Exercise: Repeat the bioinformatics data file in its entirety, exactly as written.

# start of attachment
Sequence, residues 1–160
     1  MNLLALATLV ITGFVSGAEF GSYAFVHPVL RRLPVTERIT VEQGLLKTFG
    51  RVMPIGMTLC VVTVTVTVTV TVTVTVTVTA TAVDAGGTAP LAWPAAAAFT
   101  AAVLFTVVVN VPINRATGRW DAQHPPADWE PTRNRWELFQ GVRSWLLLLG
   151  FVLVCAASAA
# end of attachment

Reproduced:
Sequence, residues 1–160
     1  MNLLALATLV ITGFVSGAEF GSYAFVHPVL RRLPVTERIT VEQGLLKTFG
    51  RVMPIGMTLC VVTVTVTVTV TVTVTVTVTA TAVDAGGTAP LAWPAAAAFT
   101  AAVLFTVVVN VPINRATGRW DAQHPPADWE PTRNRWELFQ GVRSWLLLLG
   151  FVLVCAASAA